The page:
Combined with technologies like artificial intelligence (AI), Java can help you power devices remotely, connect appliances and other objects, and much more. For example, using an app on your mobile phone, you can turn on your slow cooker or thermostat from a distance — even when you’re far away from your home. The IoT also has implications for many industries, including healthcare, security, utilities, supply-chain management, and others.
3. Cloud Applications
Cloud applications — applications that involve data processed on a cloud server — are ubiquitous these days. There are many types of services that use cloud computing, from storage to file-sharing. Industries across the spectrum rely on cloud apps like Dropbox, Amazon Web Services, Slack, and Salesforce.
Java is a great programming language for building cloud apps, thanks to factors like its top-notch performance, scalability, and reliability. In fact, many of the biggest companies in the world use Java to create cloud apps — Gmail, for instance, is an example of a cloud-based application built with Java.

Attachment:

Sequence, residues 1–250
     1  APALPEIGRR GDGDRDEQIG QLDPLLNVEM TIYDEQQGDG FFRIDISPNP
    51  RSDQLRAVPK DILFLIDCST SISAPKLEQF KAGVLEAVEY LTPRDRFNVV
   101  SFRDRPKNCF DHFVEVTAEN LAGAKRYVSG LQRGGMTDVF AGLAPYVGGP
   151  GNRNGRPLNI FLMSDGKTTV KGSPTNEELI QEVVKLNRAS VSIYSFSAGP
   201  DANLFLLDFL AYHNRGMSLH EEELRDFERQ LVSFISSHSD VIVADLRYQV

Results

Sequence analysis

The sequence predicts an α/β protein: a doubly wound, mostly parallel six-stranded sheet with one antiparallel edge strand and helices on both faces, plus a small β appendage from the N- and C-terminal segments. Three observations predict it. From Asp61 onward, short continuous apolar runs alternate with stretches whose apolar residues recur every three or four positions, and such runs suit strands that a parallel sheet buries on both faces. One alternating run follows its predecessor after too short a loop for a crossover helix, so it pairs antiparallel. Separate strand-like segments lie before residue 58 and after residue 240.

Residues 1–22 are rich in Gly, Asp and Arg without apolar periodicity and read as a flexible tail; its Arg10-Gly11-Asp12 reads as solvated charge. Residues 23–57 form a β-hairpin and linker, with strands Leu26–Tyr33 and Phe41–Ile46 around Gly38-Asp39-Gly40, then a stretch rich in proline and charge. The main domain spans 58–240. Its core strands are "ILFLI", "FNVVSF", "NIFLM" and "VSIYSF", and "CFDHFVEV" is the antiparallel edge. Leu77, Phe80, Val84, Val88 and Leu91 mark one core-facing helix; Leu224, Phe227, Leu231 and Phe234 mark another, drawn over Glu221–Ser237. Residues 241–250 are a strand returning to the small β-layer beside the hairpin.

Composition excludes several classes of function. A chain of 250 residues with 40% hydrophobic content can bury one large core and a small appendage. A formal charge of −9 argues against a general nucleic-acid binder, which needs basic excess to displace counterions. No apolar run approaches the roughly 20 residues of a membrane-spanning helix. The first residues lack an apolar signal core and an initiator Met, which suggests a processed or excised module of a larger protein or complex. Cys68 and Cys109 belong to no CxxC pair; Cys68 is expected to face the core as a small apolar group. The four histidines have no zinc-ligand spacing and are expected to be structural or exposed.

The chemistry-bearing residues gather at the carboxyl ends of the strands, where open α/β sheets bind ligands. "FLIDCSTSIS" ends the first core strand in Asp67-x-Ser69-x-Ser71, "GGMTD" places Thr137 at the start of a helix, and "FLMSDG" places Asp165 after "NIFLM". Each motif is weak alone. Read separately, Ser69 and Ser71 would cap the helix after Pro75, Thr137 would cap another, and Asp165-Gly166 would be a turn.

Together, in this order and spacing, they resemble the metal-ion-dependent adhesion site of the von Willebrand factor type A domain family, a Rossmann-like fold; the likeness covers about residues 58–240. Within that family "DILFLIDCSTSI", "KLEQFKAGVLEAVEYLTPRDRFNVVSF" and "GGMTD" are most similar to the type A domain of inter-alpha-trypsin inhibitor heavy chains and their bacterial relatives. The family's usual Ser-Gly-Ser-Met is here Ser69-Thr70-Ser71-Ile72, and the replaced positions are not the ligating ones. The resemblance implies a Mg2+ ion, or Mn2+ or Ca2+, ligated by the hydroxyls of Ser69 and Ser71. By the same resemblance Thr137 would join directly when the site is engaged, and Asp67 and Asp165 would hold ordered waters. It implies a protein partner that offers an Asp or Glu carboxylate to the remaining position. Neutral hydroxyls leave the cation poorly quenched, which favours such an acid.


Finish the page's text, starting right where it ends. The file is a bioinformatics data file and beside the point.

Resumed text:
4. Web Applications
Web application development was one of the first uses of Java and remains a choice language for this purpose. It offers many features that make it a great option for complex web apps: security, scalability, and performance. Additionally, there is an abundance of tools developers can access to support their work, including Play Framework.
Given its ease of use, many businesses, large and small, turn to Java when they are looking for a speedy turnaround for a high-performance web application.